The Taoiseach says we’re not borrowing because of its costs – while the NTMA had earlier said it was a precaution.

Bond markets respond favourably to Anglo finality

The price of government borrowing – and the Irish-German spread – falls back, but AIB shares crater.

# government-bonds - Wednesday 29 September, 2010

EC assurance over bailout does little to soothe bonds

The price of government borrowing remains close to its all time record despite Olli Rehn’s assurance about funding.

# government-bonds - Tuesday 28 September, 2010

ECB step in, again - as bond rates hit new record, again Bond Markets This post contains videos

ECB step in, again - as bond rates hit new record, again

It’s the same old story, really. The world’s markets freak out about the price of Anglo, and Europe has to help out.

# government-bonds - Monday 27 September, 2010

Lenihan to publish final Anglo bill by Friday

The government will give the final bill on Friday, trying to calm investors after yet another horrible day for Irish bonds.

ECB 'prepared countries to raise cash for Ireland' - newspaper

A German paper says we were ready for a bailout – and the bond yields hit new records. Yes, again.

# government-bonds - Friday 24 September, 2010

THE PRICE OF government borrowing over 10 years has soared once again, having fallen from a new all-time record earlier today. The price earlier struck 6.574%, a new all-time record, but dived to 6.457% – lower than this morning’s opening price – at 3pm. Within 20 minutes, however, the price shot back north to 6.525%, begging the question: what’s gotten the markets so riled?

ECB holds off on intervention as bonds breach 6.55%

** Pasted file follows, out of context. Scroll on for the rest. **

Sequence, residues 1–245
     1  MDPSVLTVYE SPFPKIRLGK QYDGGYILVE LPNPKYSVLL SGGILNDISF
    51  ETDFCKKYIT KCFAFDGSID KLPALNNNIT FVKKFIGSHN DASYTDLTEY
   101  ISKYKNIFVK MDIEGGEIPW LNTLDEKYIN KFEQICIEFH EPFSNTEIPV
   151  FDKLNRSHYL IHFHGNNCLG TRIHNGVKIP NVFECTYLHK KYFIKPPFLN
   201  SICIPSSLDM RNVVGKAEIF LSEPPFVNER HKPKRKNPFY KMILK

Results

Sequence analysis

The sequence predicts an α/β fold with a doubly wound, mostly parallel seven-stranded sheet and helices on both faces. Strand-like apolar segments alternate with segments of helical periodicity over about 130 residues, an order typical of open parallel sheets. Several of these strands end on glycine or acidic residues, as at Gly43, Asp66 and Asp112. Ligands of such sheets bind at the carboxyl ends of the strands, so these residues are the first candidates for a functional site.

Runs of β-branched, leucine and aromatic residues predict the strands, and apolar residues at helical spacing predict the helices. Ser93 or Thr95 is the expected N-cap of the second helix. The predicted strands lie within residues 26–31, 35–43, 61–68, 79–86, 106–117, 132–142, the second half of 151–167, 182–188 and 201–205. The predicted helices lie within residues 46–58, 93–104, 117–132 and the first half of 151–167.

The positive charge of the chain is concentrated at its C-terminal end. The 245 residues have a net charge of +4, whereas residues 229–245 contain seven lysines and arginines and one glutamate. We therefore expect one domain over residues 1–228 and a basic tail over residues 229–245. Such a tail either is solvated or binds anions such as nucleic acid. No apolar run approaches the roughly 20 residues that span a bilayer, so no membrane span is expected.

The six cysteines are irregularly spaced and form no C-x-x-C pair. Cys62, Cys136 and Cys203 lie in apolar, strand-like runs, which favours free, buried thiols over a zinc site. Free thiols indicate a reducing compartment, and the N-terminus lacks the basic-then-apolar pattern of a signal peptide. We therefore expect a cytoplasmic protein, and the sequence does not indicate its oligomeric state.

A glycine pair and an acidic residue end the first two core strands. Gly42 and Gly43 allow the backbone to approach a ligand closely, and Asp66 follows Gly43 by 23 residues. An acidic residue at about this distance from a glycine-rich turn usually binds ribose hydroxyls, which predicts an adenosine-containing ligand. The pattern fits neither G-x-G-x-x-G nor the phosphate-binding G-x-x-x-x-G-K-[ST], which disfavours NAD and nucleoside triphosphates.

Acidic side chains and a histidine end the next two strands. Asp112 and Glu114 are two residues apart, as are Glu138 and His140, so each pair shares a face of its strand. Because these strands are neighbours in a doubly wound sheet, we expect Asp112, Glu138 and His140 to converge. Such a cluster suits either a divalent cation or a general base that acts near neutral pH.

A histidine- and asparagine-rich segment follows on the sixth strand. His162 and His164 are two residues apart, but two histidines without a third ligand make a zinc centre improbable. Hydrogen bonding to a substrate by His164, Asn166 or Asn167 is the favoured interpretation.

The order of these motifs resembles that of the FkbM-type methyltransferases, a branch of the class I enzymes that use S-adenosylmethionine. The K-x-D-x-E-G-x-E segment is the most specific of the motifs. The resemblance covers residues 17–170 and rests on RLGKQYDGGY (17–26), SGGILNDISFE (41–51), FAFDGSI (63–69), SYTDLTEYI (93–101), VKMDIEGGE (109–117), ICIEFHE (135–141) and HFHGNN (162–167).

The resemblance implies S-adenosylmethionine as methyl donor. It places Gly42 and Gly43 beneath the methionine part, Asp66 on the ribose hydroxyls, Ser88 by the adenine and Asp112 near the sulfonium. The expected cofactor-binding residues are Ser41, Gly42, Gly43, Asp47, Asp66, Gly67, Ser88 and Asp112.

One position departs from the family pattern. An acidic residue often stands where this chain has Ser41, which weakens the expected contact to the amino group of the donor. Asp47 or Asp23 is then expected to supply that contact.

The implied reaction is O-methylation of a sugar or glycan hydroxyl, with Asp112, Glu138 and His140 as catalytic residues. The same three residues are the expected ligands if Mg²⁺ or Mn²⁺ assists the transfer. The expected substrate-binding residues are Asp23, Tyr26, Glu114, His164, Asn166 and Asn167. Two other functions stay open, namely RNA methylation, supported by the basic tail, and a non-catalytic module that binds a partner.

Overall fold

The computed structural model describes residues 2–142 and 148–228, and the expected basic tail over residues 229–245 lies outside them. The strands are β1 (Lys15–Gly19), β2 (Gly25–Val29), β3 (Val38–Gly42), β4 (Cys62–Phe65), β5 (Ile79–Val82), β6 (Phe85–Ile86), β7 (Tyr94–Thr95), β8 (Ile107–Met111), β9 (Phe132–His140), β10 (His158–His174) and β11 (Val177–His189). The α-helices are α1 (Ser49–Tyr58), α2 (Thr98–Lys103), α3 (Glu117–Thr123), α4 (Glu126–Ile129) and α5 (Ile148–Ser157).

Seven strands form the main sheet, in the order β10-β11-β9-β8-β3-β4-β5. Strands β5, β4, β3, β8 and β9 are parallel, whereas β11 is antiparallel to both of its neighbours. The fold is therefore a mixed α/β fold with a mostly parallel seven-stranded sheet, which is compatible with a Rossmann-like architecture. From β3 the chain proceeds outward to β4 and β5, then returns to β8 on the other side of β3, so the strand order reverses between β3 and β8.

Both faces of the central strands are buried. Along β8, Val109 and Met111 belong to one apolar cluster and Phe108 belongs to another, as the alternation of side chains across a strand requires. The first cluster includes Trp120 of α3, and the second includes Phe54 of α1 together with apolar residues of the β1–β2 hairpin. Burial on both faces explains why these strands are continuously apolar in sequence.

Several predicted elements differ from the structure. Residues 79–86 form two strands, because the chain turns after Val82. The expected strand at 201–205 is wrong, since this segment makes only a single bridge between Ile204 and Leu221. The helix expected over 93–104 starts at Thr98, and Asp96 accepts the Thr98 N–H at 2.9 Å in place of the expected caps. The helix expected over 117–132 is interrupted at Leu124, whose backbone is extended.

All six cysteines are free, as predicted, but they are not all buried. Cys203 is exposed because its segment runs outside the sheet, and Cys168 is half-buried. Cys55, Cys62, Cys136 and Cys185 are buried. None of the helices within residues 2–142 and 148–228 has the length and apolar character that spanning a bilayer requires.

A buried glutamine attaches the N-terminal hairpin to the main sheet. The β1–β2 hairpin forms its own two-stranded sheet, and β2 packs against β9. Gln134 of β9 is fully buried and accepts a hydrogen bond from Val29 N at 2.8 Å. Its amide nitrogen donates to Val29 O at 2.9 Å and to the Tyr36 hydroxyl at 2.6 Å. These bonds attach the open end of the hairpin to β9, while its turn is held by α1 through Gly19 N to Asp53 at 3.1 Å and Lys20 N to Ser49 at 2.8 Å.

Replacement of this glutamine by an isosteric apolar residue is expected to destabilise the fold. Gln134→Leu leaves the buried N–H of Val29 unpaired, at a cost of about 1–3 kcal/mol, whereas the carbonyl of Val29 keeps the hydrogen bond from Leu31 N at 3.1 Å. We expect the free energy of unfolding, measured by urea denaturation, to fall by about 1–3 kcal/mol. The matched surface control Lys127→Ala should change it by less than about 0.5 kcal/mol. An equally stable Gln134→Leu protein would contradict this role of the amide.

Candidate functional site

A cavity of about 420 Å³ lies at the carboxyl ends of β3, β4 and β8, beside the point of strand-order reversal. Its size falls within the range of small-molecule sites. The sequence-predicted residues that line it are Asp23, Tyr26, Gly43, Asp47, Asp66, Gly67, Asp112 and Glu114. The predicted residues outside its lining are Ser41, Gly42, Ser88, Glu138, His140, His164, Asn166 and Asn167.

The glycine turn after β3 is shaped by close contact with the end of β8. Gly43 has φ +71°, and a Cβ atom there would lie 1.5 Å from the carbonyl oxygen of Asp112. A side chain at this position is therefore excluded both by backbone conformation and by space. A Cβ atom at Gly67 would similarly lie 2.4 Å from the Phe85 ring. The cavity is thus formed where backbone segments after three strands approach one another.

The market price of 10-year Irish government debt reaches another record – but there’s no European intercession.

# government-bonds - Thursday 23 September, 2010

NTMA sells off another €400m of government debt

The National Treasury Management Agency raises some more short-term cash – but sells off less than the maximum.

# government-bonds - Tuesday 21 September, 2010

Bonds hold steady as auction calms investors

The yields on four-year, eight-year and ten-year bonds are all staying calm after this morning’s auction of fresh debt.

Auction a ‘relative success’ as NTMA raises €1.5bn

The National Treasury Management Agency offloads €1.5bn of bonds in what is considered a ‘solid performance’.

# government-bonds - Monday 20 September, 2010

Bond yield hits 6.5% amid heave rumours

Is the interest rate being asked of government debt on the increase because the markets want Cowen to stay on?

# government-bonds - Friday 17 September, 2010

IMF says it doesn't think Ireland needs its help

The International Monetary Fund praises the efforts to prop up the banking system as bond yields reach another all-time high.